Cordova might train his shoulders only once every two weeks during a power building phase. At other times when focused more on development and a good pump he will not go so heavy and workout shoulders twice a week.

A excellent overlooked exercise is the single armed upright row with a dumbbell. It’s an outstanding exercise for a great pump in the side delts. It’s also easier on the rotator cuff as there is less of a chance of shoulder impingement and is much more natural.

Jim Cordova claims that working the rotator cuffs has helped not only his shoulder training, but the training of every other part of his upper body as well. When using a lot of power and force in the major shoulder exercises, the major muscles tend to really assist in the functions that the rotator cuff would ordinarily perform. This in turn causes the rotator cuffs to weaken and atrophy. This puts you at jeopardy of tearing a rotator cuff muscle even during the most mundane tasks of daily life. To prevent this Cordova does 4 or 5 exercises for the rotator cuff muscles. He claims this has worked very well and that his shoulders feel much stronger then they did prior to rotator cuff training. Those tiny muscles need to be worked thoroughly just as the larger muscles do. Strengthening these tiny muscles will make you stronger in the all the core lifts which will allow you greater progress.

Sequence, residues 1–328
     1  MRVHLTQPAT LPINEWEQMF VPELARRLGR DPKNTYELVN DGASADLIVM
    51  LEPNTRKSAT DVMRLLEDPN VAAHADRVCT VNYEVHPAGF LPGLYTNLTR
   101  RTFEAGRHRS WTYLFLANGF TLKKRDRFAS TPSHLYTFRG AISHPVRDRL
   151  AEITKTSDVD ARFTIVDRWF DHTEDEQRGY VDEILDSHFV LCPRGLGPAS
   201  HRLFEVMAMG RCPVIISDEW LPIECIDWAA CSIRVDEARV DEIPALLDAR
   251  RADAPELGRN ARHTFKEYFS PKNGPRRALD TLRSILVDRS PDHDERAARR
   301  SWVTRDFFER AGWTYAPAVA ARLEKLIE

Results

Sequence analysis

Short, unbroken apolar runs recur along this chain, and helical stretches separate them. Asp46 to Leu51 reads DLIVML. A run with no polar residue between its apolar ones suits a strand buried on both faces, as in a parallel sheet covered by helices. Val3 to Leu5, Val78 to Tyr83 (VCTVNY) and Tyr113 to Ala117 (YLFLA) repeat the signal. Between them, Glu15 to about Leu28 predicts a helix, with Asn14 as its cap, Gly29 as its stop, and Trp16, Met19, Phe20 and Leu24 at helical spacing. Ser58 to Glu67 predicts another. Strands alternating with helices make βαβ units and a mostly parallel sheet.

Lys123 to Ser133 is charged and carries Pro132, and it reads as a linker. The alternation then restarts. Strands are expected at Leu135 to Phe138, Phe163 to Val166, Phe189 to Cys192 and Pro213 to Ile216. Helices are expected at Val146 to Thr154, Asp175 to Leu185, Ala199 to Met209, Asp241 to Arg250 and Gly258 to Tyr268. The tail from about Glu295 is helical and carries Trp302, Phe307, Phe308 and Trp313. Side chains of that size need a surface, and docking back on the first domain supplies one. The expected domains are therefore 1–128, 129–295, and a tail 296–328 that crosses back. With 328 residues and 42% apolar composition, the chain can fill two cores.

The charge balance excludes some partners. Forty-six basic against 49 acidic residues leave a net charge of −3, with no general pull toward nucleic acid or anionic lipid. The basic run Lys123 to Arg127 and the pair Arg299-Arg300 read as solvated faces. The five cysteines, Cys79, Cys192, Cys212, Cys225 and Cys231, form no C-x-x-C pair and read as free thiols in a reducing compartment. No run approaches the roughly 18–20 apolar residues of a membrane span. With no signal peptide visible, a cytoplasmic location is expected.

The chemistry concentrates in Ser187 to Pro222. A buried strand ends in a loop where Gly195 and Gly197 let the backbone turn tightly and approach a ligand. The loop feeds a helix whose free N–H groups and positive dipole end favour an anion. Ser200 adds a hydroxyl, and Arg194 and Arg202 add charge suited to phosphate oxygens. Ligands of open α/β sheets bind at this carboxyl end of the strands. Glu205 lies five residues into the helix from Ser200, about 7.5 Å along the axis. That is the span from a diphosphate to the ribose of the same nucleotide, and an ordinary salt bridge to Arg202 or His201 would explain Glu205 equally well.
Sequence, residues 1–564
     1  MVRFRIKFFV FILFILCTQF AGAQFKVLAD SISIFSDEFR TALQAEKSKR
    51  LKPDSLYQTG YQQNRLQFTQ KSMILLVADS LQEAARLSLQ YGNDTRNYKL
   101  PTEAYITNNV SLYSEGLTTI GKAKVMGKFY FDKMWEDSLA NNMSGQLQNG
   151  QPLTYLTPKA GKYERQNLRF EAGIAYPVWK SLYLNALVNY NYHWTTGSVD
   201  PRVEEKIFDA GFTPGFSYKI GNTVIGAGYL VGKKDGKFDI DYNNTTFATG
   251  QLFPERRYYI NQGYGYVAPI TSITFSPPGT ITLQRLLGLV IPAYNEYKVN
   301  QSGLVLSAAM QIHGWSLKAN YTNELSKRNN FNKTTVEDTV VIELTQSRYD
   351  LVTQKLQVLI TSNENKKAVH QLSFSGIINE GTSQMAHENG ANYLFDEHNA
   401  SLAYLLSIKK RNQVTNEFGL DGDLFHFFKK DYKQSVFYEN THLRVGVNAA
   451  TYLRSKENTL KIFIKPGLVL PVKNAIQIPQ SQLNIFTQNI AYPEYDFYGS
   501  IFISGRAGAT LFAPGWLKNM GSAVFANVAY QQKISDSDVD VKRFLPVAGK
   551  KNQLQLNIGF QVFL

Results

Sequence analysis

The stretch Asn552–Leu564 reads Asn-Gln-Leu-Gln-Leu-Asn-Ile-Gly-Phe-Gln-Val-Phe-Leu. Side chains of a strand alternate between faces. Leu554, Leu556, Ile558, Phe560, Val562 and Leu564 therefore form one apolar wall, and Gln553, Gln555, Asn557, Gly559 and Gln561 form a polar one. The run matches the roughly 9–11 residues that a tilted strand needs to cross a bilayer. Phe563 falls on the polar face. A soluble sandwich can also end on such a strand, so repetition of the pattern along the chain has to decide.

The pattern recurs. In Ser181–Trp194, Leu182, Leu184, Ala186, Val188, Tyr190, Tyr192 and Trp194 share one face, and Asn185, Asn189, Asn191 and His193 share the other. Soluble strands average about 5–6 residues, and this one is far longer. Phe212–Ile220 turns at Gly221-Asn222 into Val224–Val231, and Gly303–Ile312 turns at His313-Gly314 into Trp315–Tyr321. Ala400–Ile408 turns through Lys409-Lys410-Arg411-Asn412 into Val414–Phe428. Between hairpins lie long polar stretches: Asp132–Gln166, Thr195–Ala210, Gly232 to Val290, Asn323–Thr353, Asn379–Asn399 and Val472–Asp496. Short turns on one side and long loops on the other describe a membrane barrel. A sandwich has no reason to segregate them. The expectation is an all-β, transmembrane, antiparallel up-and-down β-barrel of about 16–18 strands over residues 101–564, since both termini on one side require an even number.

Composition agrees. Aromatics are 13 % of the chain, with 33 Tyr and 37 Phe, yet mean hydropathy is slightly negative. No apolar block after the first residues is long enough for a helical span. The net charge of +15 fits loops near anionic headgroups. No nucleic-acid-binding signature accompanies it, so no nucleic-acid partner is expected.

Bodybuilding Video

Dorian Yates Blood and Guts Training Routine

Six time Mr. Olympia Dorian Yates shows us a real mass building training routine. This is high-intensity  training at its best. Typically, for each exercise there are two warm up sets to get the blood flowing and prevent injury, followed by one all out set at max intensity.

Nutritionally, Dorian recommends 1-1.5 grams of protein per pound of body weight. Generally, you will need about twice the amount of carbohydrates as proteins to ensure that the body uses the carbs for energy and the protein for tissue repair. If you don’t have enough carbs, proteins will then be used for energy. This is not only a more inefficient form of energy, but it robs the proteins of doing their muscle building work. If, however, you start gaining too much body fat, back down on your carb intake.

Complex carbohydrates are always best, except after a workout. Following a workout, simple carbohydrates are best for quickly restoring your energy stores and promoting an insulin spike. Don’t forget you still need to consume fats as well. A good ratio for fats is approximately 30% of your daily protein intake.

Episode 1 – Chest and Biceps

Episode 2 – Back

Episode 3 – Dorians Tips

Episode 4 – Delts and Triceps

Episode 5 – Legs